To what extent does sexual violence influence rebel group fragmentation? A substantial body of research explores wartime rape as a cohesion building mechanism following forced recruitment. However, the relationship between sexual violence and broader organizational cohesiveness has not been systematically tested. In this paper we provide this test with a study on the effects of sexual violence on the event of rebel group fragmentation. We argue that rebel sexual violence increases cohesion at the battalion level, but increases the risk of fragmentation of the broader organization. Specifically, we contend that rebel lieutenants are more likely to split from the organization if they are confident that their subordinate battalions are cohesive and will follow them rather than remain with the organization. We test this argument on a global sample of 105 rebel organizations active between 1989 and 2014. The results provide robust support for the argument showing that sexual violence increases the risk of fragmentation by a factor of five. This presents a crucial contribution to our understanding of both rebel group fragmentation and sexual violence and has important policy implications.

Sexual Violence and Conflict Recurrence
Revise & resubmit at International Studies Quarterly

To what extent does sexual violence influence the likelihood of conflict recurrence? Despite a substantive body of research that explores conflict recurrence, the literature has largely neglected the role rebel group dynamics. I address this gap arguing that rebel sexual violence in inactive periods is associated with greater risks of conflict recurrence. Specifically, building on research that shows an association between recruitment and rape as a socialization method during civil war, I contend that when rebels perpetrate sexual violence in inactive periods it indicates on-going mobilization efforts. I derive four observable implications from this argument, which I systematically test on all intrastate post-conflict years from 1989 to 2015 using the updated Sexual Violence in Armed Conflict dataset and the Armed Conflict Termination dataset. The results provide robust support for the argument that rebel sexual violence increases the likelihood of conflict recurrence.

Sex and party leadership evaluations
with Jack Bridgewater - revise & resubmit at Electoral Studies

To what extent does a party leader’s sex influence how voters evaluate them? Despite a burgeoning literature on gendered biases and institutional barriers that women face in politics, this question has received little systematic attention. We address this question using the first large-scale cross-sectional analysis of voters’ party leadership evaluations. Using three waves of the Comparative Study of Electoral Systems (CSES) from 1996 to 2011, we find that citizens evaluate female party leaders more positively than male party leaders. We offer potential theoretical explanations for this observed pattern that draw on women’s political activities, their real and perceived competence in delivering for their constituents, and voters’ gendered stereotypes about women and men in politics. These findings have important implications for the study of party leadership and women in politics as well as practical implications for political parties considering promotions and leadership contests.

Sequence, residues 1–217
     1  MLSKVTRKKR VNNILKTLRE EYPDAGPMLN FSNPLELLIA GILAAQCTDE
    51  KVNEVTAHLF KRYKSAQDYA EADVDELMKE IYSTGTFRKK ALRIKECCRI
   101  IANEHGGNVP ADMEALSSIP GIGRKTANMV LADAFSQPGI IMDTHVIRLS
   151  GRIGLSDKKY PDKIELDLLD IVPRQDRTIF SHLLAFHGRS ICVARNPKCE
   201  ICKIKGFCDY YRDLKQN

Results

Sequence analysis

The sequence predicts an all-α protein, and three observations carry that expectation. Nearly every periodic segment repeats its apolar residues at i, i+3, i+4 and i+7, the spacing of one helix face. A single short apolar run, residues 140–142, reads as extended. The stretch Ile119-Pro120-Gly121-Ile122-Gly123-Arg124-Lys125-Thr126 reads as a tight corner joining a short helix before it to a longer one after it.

Territorial Control and Sexual Violence
with Victor Asal - under review at Security Studies

Despite the popular narrative of ‘rape as a weapon of war’, research shows that only a minority of insurgent groups perpetrate sexual violence in armed conflict. We argue that territorial control increases the likelihood that a group commits sexual violence for three reasons: (1) territorial control facilitates forced recruitment, which increases the likelihood of sexual violence, (2) territorial control provides the time, space, and relative security needed for group members to perpetrate sexual violence, and (3) to maintain control over territory and population groups rely on both lethal and sexual violence. We systematically test this argument using the Sexual Violence in Armed Conflict (SVAC) and the Big Allied and Dangerous Insurgent II (BAADI2) datasets. The results provide robust support for the argument. This presents an important addition to our understanding of conflict-related sexual violence and opens new avenues for its prevention.

“Diffusion of conflict-related sexual violence”
Presented at APSA 2019 - draft available upon request

How does sexual violence in one country’s conflict affect the likelihood that we observe this violence in a neighboring country? I argue that sexual violence in one country’s internal conflict increases the likelihood that there will be sexual violence in neighboring countries’ conflicts. I contend that the practice of sexual violence spreads from conflict to conflict through belligerents’ use of foreign mercenaries for three primary reasons: 1) Combatants socialized perpetrating sexual violence are likely to have internalized the practice. Subsequently they are more likely to continue these practices when fighting in other conflicts; 2) Principals have less control over mercenaries, which contributes to a permissive environment in which mercenaries rape, loot, and pillage; 3) Mercenaries’ combatant experience elevates their status and makes them role models for less experienced fighters, who emulate their actions including acts of sexual violence. Based on this I expect that mercenaries spread sexual violence from conflict to conflict. I test this argument using the updated Sexual Violence in Armed Conflict dataset. The results provide robust support for the argument. This presents an important contribution to our understanding of how different types of violence spread across borders and carries major implications for the practice of preventing and managing conflict.